MSG Networks Showcases New York Rangers’ Artemi Panarin With Dedicated Iso Camera, Graphics

Pregame, intermissions also will focus on the Rangers’ 2020 All-Star

If you’re a professional in the National Hockey League, you’re used to having all eyes on you when you hit the ice. On Friday night, MSG Networks is taking that feeling to a new level. During the New York Rangers vs. Buffalo Sabres telecast, the network will have an iso camera on star forward Artemi Panarin along with custom graphics and other specialized content. On MSG GO, digital fans can choose between the regular telecast or keeping a fixed eye on the 28-year-old Russian through a separate live stream.

“We picked Artemi Panarin because he was the perfect test case,” says Jeff Filippi, SVP, programming and production and executive producer, MSG Networks. “If it couldn’t work for him, it’s probably not going to work with anyone else, and, if it can work for him, there are other players that we think it could work for. The goal is potentially to do this again, so we’re going to go into this broadcast tonight to see where it takes us.”

Offseason Planning: The Idea Develops in the Summer Months
As for hockey players around the league, there isn’t a true “offseason” in live sports production. Skills and traits are refined on the ice, and the same can be said for MSG Networks inside its New York City office. With the goal of generating a new style of content, two top executives at the RSN went to work on an idea.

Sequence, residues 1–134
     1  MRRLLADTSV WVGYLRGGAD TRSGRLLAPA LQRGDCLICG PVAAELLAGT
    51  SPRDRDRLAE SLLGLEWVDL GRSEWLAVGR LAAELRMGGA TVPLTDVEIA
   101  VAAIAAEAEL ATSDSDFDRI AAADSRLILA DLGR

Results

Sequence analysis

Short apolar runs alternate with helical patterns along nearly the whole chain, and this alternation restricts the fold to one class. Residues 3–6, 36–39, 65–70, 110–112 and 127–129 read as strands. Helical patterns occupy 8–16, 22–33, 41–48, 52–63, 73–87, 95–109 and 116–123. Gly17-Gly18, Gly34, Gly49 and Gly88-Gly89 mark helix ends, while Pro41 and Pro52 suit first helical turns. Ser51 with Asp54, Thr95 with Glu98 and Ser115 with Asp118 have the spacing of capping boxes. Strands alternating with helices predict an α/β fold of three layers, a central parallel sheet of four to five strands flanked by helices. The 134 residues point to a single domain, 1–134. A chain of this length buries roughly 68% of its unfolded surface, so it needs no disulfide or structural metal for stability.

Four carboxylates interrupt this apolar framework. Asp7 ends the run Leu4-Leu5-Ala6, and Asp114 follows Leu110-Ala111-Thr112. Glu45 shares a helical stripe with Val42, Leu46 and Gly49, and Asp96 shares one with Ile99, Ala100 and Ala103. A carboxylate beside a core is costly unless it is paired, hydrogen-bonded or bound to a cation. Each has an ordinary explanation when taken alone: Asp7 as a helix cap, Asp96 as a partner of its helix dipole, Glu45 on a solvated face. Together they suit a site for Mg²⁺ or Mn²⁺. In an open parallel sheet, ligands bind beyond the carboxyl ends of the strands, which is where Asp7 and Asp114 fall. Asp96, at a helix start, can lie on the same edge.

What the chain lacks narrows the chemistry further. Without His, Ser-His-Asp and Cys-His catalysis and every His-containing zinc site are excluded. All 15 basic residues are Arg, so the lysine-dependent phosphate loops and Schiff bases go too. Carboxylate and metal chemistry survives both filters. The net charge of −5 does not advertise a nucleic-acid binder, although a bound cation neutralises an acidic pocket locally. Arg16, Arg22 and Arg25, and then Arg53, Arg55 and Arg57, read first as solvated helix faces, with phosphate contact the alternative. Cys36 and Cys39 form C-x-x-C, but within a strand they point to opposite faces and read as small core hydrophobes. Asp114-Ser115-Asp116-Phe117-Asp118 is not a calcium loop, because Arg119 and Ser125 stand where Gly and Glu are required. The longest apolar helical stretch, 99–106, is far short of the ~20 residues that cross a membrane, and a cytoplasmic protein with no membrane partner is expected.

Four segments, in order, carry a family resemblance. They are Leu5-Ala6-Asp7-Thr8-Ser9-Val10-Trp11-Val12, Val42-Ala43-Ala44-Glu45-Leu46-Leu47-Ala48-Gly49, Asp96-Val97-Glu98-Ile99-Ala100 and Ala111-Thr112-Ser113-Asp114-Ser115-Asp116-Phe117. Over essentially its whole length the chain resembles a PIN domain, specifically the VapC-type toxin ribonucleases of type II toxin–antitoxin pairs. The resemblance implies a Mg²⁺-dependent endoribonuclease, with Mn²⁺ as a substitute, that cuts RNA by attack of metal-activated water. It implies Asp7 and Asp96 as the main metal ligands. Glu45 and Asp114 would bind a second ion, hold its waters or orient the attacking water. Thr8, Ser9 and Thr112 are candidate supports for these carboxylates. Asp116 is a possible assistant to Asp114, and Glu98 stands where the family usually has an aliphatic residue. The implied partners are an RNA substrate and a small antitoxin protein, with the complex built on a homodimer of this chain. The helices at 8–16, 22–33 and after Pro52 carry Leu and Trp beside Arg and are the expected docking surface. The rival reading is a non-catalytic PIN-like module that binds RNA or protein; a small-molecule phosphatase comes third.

“The genesis of the idea came from our Senior Coordinating Producer Kevin Meininger, who oversees the Knicks and Rangers telecasts,” says Filippi. “He came up to me in the summer and had an idea using a ‘pop-up’ game, where, suddenly, there’s a game that pops-up and focuses on a certain player. We thought it was interesting, dug into a little more, and thought it was something that could become sponsorable.”

Noting the possibilities for many facets of the company, the RSN dispersed the plan, and crews hit the ground running. From broadcast execution and programming to the social-media avenues that could promote and distribute the product, the entire network was galvanized around this initiative.

“Like everything we do here, it became an ultimate team effort because everybody involved with the game came on board,” Filippi says. “We sort of put our heads together and said, ‘If we’re going to profile a player during a game, what’s the best way to do it?’”

Here Comes the Breadman: A Two-Box Format
At its technological core, the broadcast is fairly simple. With the regular camera complement in place at Madison Square Garden, a specified camera situated in one of the network’s slash positions will be focused on Panarin at all times. Although the entire game will have a bit of Panarin flair from start-to-finish, the party will start in the pregame at 6:30 p.m. ET.

After the night’s proceedings and how they deviate from a traditional game seen on the network are explained, a two-box format will be deployed to showcase Panarin’s warmups as well as New York Rangers Analysts Dave Maloney and Steve Valiquette inside the studio. The pair will run through the gamut of topics, including more-serious conversations on Panarin’s production throughout the current season with a look at the statistics and more lighthearted ones about his now-patented high–leg-kick celebration.